Oil falls by more than $3/bbl as China COVID-19 cases surge

Nurluqman Suratman


SINGAPORE (ICIS)–Oil prices fell by more than $3/bbl on Monday amid growing fears that surging COVID-19 cases in China will lead to a slew of fresh lockdowns which would hit demand.

China is the world’s second biggest economy and largest oil importer.

Hopes over ceasefire negotiations between Russia and Ukraine were also exerting downward pressure on prices.

Reports that discussions to revive the 2015 Iran nuclear accord has been suspended, however, provided some market support.

03:00  GMT Contract Low High Open Last Previous Change Low Change
Brent May 108.31 113.15 113.15 109.3 112.67 -3.37 -4.36
WTI Apr 104.77 109.72 109.42 105.98 109.33 -3.35 -4.56

Investor focus has shifted to the latest COVID-19 developments in China, which reported 1,807 new local symptomatic cases on 13 March.

“This will raise concern over the potential hit to demand. But also importantly, it suggests that China is not ready to let go of its zero-covid policy,” Dutch banking and financial services firm ING said in a note on Monday.

Shanghai has announced school closures, while Shenzhen joined other northeastern cities to go into lockdown as China’s daily coronavirus case count soared on 12 March to more than 3,300 – the highest recorded since early 2020.

In Shenzhen, bus and subway systems were shut, and businesses, except those providing essential services, have been closed.

The lockdown in Shenzhen is expected to last until 20 March and is expected to cause disruption to the supply chain.

Shenzhen is China’s manufacturing hub for electronics and is home to key ports, including Yantian and Nanshan ports.

Meanwhile, Hong Kong chief executive Carrie Lam said on 12 March that the pandemic in the city may not have peaked yet.

Hong Kong has recorded nearly 700,000 COVID-19 cases and about 3,500 deaths to date, with sharp spikes recorded in the past two weeks.

The coronavirus outbreak, believed to have originated in Wuhan in central China in late 2019, is on its third year.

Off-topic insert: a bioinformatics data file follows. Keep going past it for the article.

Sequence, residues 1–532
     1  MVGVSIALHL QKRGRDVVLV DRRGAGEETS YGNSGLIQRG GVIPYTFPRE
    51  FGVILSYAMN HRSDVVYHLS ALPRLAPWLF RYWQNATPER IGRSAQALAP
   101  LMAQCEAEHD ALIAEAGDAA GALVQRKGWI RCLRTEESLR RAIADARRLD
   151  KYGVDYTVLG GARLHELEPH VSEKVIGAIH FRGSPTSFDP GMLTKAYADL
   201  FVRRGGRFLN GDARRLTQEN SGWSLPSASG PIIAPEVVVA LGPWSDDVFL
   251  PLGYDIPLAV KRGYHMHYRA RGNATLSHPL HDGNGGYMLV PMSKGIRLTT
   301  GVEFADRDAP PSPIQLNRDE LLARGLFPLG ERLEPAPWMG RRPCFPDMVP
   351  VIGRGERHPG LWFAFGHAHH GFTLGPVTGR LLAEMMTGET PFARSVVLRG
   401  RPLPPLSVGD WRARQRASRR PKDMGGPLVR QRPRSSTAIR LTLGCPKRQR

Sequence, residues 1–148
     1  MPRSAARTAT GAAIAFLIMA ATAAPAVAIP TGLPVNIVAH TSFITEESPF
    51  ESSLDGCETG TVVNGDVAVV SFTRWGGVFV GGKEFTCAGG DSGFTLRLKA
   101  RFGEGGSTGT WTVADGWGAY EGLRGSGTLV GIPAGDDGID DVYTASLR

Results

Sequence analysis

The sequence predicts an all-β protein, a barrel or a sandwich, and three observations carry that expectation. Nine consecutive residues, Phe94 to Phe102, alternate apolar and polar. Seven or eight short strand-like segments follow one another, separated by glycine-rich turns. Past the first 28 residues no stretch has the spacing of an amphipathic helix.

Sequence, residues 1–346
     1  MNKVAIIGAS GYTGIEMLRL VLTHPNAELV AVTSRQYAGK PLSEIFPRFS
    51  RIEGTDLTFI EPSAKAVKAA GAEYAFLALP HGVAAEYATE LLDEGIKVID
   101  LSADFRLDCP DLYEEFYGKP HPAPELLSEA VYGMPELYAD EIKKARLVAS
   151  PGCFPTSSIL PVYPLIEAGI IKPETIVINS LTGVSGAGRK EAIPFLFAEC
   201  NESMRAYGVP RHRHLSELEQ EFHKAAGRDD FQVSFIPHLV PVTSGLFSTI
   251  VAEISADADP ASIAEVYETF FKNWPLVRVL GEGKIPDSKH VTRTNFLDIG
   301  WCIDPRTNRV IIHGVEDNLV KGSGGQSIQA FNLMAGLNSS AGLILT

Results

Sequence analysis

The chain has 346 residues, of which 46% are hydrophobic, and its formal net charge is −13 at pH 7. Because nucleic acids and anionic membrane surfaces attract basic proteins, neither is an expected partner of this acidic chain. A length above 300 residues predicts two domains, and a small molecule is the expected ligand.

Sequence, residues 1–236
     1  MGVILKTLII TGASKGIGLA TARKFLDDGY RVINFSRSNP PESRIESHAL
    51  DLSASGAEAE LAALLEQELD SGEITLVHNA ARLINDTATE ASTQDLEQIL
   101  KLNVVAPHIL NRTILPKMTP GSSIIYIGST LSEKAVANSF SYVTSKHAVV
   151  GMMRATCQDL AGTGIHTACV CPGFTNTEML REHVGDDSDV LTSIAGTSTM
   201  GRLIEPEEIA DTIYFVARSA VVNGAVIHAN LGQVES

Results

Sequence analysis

As of 12 March, China has reported a total of 115,466 confirmed cases in the mainland, with 4,636 deaths, according to official data.

Several countries in Asia are seeing surging COVID-19 cases caused by the more infectious Omicron variant of the coronavirus.

Formal talks between Russia and Ukraine are set to resume on Monday, Mykhailo Podolyak, adviser to Ukrainian President Volodymyr Zekenskyy and part of the negotiating team, said in a post on Twitter early on Monday.

“Negotiations go non-stop in the format of video conferences… On Monday, March 14, a negotiating session will be held to sum up the preliminary results,” Podolyak said.

US deputy secretary of state Wendy Sherman had said on 13 March that Russia is showing signs of willing to have substantive negotiations over Ukraine.

Russia’s invasion of Ukraine now on its third week has been roiling the global energy markets.

Last week, Brent crude had shed 4.8% last week and US WTI slumped by 5.7% – their steepest weekly decline since November 2021.

Both benchmarks early last week hit their highest levels since 2008 on supply concerns, with the prospect of Russian oil being taken out of the market amid the Ukraine war.

The US has decided to ban Russian oil imports, while the UK will phase them out by the end of 2022.

Focus article by Nurluqman Suratman

Thumbnail photo: The suns sets over buildings in Shenzhen, China, as seen from a hill in Hong Kong, China on 9 March 2022. (By JEROME FAVRE/EPA-EFE/Shutterstock)

Click here to read the Ukraine topic page, which examines the impact of the conflict on oil, gas, fertilizer and chemical markets.

Visit the ICIS Coronavirus topic page for analysis of the impact on chemical markets and links to latest news.


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